What’s the difference between FM Static and Thousand Foot Krutch? Singer-songwriter Trevor McNevan and drummer Steve Augustine lead both bands, but the former is a side project to the latter. In fact, the public has shown center-stage love for each act’s efforts, from FM Static’s summery punk-pop to Thousand Foot Krutch’s more autumnal, metallic rock.
More than anything, having two names makes it easier to take some fun creative chances. Like pursuing the idea for a concept album where every lyric is the innermost thought of a soul-searching teenager, Trevor McNevan knew 2009's Dear Diary was a perfect job for FM Static. No doubt FM Static listeners—by and large a student audience—are enthralled with the spot-on relatable happenings and character confessions of Dear Diary, a project whose special story can only be unlocked as it happens, from song one to song ten.
In the Weezer-like stomp, “Man Whatcha Doin?” the boy meets a homeless philosopher who helps straighten out his thoughts about money and happiness. It’s a well-placed moment of fun just before FM Static takes the album’s concept goes much deeper.
“The Voyage of Beliefs” is Dear Diary’s crossroads, a gripping indie rock duet between Trevor McNevan and Superchick’s Tricia Brock where the characters both step up in faith, proclaiming a belief in God that is their own, not just the one their families have handed down. And, oh, how they need it for what happens next.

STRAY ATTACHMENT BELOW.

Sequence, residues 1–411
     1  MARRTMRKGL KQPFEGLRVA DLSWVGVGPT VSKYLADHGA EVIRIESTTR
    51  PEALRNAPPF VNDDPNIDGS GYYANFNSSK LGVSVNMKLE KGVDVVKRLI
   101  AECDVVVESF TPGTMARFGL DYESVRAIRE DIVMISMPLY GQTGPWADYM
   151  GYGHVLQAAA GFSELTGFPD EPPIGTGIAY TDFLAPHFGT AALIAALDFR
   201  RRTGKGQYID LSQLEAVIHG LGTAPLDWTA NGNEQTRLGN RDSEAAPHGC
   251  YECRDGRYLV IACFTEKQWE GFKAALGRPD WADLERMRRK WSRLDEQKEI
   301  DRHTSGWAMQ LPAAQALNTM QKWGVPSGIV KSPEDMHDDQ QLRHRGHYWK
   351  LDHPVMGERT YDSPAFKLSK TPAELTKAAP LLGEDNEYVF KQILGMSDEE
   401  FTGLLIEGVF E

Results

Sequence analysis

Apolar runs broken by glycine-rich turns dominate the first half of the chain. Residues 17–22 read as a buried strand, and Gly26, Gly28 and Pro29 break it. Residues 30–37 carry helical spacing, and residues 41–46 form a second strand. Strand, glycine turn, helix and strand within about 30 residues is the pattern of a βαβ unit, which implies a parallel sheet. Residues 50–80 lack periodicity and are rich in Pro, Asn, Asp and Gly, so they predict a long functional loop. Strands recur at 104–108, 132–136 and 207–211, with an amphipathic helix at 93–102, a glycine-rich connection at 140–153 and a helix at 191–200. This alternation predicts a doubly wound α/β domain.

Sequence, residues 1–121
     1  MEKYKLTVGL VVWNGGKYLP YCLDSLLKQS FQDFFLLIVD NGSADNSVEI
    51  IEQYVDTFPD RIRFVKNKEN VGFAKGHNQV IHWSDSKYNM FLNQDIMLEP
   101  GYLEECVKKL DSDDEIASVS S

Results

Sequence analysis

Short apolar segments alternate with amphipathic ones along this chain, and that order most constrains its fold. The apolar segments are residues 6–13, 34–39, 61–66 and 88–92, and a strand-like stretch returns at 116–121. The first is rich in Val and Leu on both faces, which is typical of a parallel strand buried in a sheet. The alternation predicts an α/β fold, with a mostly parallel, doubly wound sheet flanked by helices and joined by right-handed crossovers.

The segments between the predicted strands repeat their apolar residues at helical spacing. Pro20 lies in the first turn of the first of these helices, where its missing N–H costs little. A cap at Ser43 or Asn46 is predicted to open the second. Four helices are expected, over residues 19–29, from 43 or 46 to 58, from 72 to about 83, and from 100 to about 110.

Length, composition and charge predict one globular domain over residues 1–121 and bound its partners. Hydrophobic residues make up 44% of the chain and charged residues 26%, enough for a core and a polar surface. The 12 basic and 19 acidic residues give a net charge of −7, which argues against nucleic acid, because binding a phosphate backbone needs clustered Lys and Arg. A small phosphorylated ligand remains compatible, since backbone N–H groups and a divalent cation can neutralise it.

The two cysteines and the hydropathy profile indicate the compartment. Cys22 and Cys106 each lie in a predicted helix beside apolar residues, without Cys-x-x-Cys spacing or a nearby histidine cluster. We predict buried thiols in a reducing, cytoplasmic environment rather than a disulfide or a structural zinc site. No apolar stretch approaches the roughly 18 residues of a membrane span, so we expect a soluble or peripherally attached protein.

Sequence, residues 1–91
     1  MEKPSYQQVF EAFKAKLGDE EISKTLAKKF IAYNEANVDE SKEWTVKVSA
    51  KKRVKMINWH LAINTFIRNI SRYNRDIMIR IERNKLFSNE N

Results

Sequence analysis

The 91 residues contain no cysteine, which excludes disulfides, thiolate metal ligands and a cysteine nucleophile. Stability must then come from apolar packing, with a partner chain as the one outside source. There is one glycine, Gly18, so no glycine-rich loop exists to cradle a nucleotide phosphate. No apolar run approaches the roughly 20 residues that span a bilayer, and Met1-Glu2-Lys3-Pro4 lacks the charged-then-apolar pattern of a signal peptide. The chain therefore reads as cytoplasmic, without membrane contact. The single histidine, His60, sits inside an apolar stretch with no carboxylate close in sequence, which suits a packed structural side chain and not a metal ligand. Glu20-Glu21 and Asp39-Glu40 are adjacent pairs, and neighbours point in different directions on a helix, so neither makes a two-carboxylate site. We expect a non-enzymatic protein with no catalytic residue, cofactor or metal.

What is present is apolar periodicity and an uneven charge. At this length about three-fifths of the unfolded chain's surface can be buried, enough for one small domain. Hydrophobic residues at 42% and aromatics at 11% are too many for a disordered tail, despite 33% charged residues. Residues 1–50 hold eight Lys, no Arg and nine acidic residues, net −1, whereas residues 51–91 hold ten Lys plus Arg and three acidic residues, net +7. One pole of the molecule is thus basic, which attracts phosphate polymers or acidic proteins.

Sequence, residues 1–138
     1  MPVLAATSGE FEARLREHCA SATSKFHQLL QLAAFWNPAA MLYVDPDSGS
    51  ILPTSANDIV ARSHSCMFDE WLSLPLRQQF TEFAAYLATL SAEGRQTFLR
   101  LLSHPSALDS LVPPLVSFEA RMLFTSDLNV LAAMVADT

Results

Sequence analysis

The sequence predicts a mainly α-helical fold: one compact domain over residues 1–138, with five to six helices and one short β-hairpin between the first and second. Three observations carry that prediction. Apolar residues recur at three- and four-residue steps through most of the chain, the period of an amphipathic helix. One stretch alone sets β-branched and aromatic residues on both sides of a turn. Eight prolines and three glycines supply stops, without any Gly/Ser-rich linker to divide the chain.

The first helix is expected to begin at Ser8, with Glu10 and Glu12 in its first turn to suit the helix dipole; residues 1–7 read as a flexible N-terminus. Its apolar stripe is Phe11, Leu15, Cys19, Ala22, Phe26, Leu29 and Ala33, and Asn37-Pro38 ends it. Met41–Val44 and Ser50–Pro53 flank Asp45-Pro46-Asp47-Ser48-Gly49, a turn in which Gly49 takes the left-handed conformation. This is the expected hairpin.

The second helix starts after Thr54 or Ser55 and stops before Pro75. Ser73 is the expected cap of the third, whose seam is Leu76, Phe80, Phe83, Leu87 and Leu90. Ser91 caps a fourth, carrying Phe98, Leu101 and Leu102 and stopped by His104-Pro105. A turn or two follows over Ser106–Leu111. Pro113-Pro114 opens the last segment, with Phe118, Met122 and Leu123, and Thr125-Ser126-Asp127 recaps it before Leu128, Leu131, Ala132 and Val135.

Up to this point, FM Static’s Dear Diary would already be unique enough for its concept and catchiness, but the next arc of songs turns the album into something truly remarkable. Without warning, the girl’s dad kills himself, an event that leaves our boy asking why everyone we love still lets us down in the cinematic quietness of “Her Father’s Song.”
Although Dear Diary is a work of fiction, Trevor McNevan says, “the songs reflect thoughts me and my friends all had growing up. And there’s a lot of me in the more serious songs toward the end.” What listeners can ultimately expect is a rocking, melodically-charged coming-of-age story that somehow combines the creative vibe of independent films like Juno and Napoleon Dynamite, a dash of High School Musical charm, and the altogether rare element of uncensored faith.
It was definitely worth McNevan writing about, and definitely worth a close listen.
FM Static's first CD, What Are You Waiting For? featured the singles "Definitely Maybe", "Something to Believe In", and "Crazy Mary." FM Static released their second album entitled Critically Ashamed, which featured the single "Waste of Time. By the time of their second release FM Static became a two-piece band with studio musicians filling in for the other parts. While Critically Ashamed featured only the single "Waste of Time," the songs "Tonight" and "Moment of Truth" went on to become huge unadvertised internet hits, as well as hits on some radio stations.
Listen to FM Static Here
|What Are You Waiting For?||2003||Tooth & Nail Records|
|Critically Ashamed||2006||Tooth & Nail Records|
|Dear Diary||2009||Tooth & Nail Records|
|My Brain Says Stop But My Head Says Go||2011||Tooth & Nail Records|